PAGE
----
Local avocados!

We love avocados and have long dreamed of having our own tree. We are not alone: growing avocados appears to be the holy grail of many a Sacramento Valley gardener. Every now and then you hear from a friend of a friend of a friend who successfully grows avocados in our area. But I had never met anybody who actually has an avocado tree.

Locally grown avocados, the holy grail for many of us!

Until last Sunday. At a flea market in downtown Davis a guy was selling avocados from his very own tree. He said he had a bumper crop this year because of the mild weather. What’s even more remarkable: This guy is just a regular homeowner, not an over-the-top plant nut like me, and the tree was already there when they bought their house. He doesn’t baby-sit the tree, doesn’t protect it on cold nights, and yet it still produces. My wife and I bought four avocados to try, and they are indeed yummy. I also took some avocado leaves to freeze—they’re used in some Mexican moles and are impossible to find in local grocery stores. (I love making traditional Mexican food.)

This variety is called Bacon

Coming across these locally grown avocados may have pushed us off the fence as far as planting our own tree is concerned. We removed a nectarine tree in our backyard last fall and had already been toying with the idea of replacing it with an avocado. Now it’s simply a matter of choosing which variety:

  • Hass, the regular supermarket avocado with the black bumpy skin, is much too tender.
  • Bacon, the variety we just tried, is a possibility since it’s rated to 24°F.
  • Mexicola is even hardier, down to 20°F.
  • However, based on what I’ve read, my current first choice is Stewart, a compact (8-10 ft.) Mexicola relative hardy to 24°F, producing excellent-tasting fruit.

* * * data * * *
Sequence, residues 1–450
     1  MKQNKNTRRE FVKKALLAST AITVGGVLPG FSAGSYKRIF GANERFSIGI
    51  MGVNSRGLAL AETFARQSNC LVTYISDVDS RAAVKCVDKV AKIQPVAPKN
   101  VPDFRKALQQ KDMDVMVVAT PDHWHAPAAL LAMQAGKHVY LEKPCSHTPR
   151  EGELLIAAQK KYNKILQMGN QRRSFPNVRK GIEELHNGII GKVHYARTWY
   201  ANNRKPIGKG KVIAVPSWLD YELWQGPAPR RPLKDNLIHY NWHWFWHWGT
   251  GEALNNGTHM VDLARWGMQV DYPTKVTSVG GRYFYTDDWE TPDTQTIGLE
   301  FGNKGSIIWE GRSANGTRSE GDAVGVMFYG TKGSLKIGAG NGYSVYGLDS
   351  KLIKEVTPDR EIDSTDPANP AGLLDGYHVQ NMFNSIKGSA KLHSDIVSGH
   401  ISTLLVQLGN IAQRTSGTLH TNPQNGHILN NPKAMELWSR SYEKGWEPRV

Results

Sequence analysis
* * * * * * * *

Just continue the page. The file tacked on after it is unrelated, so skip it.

Avocado leaves are fairly large and have a substantial feel to them

Avocado trees come in type A and B, and both are needed for successful pollination. However, in California avocados are considered self-fruitful (I don’t know why but I’m not complaining). That means that you only need one tree, type A or B, to get fruit as long as you live in a temperate enough climate. Complicated, isn’t it?

If you want to know more, check out the web site for Dave Wilson Nursery in Modesto. It has a lot of useful information for the Central Valley.

And if you thought there are only a few varieties of avocado—after all, in the store you’ll see no more than one or two—check out the University of California Agriculture and Natural Resources site. It lists almost 1,000 (!!) known avocado varieties!


  1. Save some of the seeds Gerhard and grow them on. The tree where they came from is possibly a better (and hardier) clone and the seedlings may prove just as tough and rewarding as the mother plant :)

    1. Good idea. I'll definitely do that for fun. However, according to Wikipedia, "While an avocado propagated by seed can bear fruit, it takes roughly four to six years to do so, and the offspring is unlikely to resemble the parent cultivar in fruit quality. Rootstocks are propagated by seed (seedling rootstocks) and also layering (clonal rootstocks)." I think I'll still need to buy a (grafted) tree from a nursery.

  2. Hey, even *I* have an avocado tree! (Two actually, growing in pots.) Given to me last year -- I saved them from the compost pile actually. I don't even like avocados.

    1. And I thought my daughters were the only people in the world who didn't like avocados :-)

  3. If I am trying to grow avocadoes from seeds here in Massachusetts for fun (you know, suspended in water with toothpicks!), then you definitely have to buy your avocado tree! Guacamole every day! anne


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